The Department of Justice on Thursday told U.S. District Judge Emmet Sullivan in Washington it wants to drop the case against Flynn, Trump’s former national security adviser, following a pressure campaign by the Republican president and his political allies.
While judges typically sign off on such motions, Sullivan could refuse and instead demand answers from the DOJ about who requested the sudden about-face, said Seth Waxman, a former federal prosecutor now at the law firm Dickinson Wright.
“If Judge Sullivan wanted to he could conduct an inquiry and start asking a lot of questions,” said Waxman.
Flynn, a retired Army lieutenant general who served as an adviser to Trump during the 2016 election campaign, had been seeking to withdraw his 2017 guilty plea in which he admitted to lying to the FBI about interactions with Russia’s ambassador to the United States in the weeks before Trump took office.
Flynn’s lawyers, both in court and in public, had argued that he was ambushed as part of a plot by biased investigators and that the case should be dismissed. Trump said in March that he was considering a pardon for Flynn.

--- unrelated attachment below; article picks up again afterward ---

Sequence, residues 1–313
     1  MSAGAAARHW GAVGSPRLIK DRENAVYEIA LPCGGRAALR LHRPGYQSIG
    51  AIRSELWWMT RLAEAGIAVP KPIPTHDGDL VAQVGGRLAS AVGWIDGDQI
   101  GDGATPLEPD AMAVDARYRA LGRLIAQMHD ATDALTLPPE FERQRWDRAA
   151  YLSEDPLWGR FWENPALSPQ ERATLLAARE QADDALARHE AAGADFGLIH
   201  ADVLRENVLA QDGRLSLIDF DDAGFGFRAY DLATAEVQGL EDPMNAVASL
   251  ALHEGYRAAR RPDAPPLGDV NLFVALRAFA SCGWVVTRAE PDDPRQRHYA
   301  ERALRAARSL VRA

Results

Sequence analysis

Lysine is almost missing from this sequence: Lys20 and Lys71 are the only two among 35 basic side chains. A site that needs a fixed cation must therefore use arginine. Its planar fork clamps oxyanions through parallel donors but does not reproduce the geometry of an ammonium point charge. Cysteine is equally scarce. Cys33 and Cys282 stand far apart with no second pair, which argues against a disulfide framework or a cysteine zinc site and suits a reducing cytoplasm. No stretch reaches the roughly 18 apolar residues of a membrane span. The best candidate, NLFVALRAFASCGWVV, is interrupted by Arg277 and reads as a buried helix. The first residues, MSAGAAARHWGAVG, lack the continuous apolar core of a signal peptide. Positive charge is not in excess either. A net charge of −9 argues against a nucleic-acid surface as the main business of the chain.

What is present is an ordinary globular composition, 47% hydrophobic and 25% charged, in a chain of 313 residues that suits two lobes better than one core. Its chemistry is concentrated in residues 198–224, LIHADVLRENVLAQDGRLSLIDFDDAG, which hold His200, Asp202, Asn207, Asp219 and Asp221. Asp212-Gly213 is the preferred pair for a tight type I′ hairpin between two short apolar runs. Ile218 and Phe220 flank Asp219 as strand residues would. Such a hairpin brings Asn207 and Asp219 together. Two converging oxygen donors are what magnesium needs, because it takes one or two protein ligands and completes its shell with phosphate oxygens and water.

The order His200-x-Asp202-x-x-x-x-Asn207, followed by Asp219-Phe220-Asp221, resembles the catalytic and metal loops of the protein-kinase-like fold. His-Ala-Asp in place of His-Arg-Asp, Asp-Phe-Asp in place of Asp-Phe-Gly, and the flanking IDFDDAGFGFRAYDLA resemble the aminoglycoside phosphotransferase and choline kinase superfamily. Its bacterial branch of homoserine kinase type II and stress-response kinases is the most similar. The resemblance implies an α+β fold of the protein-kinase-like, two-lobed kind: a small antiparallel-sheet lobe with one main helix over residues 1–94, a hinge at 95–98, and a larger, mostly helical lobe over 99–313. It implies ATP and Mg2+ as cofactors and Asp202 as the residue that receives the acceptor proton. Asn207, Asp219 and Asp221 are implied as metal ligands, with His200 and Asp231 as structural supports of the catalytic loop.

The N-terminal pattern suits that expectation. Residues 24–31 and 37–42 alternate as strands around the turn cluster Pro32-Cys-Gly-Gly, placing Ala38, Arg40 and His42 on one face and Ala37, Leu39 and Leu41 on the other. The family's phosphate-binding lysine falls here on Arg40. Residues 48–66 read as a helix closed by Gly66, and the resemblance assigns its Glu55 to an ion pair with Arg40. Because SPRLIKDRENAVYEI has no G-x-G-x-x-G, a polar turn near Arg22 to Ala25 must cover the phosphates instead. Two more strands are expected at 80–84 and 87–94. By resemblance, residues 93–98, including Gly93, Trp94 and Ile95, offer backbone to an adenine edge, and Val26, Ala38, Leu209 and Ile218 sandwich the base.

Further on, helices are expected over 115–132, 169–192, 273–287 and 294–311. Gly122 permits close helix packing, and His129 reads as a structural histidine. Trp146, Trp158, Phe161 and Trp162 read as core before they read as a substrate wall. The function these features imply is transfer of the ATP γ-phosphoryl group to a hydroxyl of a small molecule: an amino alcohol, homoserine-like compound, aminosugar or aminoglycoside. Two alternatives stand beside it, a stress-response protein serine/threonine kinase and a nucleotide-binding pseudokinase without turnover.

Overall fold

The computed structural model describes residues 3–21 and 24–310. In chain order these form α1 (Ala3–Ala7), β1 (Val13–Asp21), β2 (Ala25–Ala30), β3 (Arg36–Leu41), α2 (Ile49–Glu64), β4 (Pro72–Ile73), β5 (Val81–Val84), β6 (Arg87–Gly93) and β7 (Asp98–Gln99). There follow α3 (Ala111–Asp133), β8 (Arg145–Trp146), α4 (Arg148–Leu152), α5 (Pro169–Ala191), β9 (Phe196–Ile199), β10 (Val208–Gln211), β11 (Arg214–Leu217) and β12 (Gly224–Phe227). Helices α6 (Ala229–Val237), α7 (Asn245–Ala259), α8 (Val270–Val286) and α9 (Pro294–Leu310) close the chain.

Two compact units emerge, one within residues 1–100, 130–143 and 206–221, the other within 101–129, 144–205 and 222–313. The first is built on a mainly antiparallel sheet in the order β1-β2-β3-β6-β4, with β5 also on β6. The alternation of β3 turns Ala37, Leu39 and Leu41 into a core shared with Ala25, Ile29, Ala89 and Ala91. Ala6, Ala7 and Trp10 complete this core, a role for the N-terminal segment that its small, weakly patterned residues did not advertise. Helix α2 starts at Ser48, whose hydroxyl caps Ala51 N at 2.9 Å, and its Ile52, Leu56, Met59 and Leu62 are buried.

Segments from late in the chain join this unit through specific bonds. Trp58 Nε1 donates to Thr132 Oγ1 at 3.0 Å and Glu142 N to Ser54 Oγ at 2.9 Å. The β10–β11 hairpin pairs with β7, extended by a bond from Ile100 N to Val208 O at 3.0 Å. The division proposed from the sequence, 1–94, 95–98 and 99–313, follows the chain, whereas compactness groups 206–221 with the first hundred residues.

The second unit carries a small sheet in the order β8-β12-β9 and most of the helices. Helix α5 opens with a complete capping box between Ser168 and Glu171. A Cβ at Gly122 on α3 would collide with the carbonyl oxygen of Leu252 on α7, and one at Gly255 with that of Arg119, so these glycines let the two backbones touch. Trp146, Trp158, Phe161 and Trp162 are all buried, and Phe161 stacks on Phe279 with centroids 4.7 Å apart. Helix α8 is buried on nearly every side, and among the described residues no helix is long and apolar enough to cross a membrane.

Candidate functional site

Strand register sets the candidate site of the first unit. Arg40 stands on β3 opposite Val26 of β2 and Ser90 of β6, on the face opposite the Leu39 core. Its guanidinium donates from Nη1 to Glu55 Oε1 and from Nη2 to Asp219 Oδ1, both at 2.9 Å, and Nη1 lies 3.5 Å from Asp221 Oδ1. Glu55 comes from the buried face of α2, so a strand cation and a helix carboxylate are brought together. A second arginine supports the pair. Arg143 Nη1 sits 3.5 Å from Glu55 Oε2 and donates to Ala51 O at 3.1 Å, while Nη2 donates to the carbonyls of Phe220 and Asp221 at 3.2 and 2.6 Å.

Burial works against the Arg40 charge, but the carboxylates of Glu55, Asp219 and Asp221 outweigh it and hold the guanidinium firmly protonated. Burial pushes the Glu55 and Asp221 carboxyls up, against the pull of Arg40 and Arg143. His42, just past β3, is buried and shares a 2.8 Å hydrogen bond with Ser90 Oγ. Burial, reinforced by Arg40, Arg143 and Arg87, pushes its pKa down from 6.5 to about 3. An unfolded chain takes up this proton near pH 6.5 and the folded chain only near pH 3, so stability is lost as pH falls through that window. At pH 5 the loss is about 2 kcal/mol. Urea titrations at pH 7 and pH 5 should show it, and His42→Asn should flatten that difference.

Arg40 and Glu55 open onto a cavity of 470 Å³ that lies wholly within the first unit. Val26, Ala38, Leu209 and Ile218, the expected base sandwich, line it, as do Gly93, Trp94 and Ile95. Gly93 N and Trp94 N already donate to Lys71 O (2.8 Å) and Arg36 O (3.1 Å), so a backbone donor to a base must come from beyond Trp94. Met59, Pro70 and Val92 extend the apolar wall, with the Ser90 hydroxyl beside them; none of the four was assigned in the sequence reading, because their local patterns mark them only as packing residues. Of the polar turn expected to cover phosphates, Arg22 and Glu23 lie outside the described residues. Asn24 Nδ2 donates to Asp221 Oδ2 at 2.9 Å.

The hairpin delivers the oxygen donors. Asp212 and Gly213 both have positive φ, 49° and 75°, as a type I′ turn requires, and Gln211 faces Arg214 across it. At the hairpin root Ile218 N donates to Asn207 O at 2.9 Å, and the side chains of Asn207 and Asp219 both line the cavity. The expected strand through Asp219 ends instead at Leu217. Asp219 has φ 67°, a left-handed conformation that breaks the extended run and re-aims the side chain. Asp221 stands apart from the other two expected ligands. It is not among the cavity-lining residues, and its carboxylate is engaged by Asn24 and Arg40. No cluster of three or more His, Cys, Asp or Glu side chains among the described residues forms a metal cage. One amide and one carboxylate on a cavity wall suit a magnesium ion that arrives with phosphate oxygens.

The Justice Department said in a court filing on Thursday it is no longer persuaded that the FBI’s January 2017 interview with Flynn that led to the charges was conducted with a “legitimate investigative basis” and does not think Flynn’s statements were “material even if untrue.”
While the judge still has to rule on the submission, elated supporters of Flynn said there was no way Sullivan could force the department to prosecute if it did not want to. But the judge could stop Flynn from withdrawing his guilty plea and impose sentence. In that case, Trump could pardon Flynn.
The judge is unlikely to sign off on the request as a pro forma matter, said Channing Phillips, the former acting U.S. attorney for the District of Columbia during the Obama administration, adding that with Sullivan “nothing is pro forma.”
“I can guarantee you, he is going to question the prosecutors,” Phillips said in a phone interview. “He is going to want to understand exactly the basis for this motion ... You have a new attorney general. You have a new U.S. attorney. You have new prosecutors who take a different position. But the facts haven’t changed.”
Sullivan, 72, was appointed to the federal bench in 1994 by former Democratic President Bill Clinton and is known for an independent streak, often delivering strong rebukes of conduct he views as unjust.
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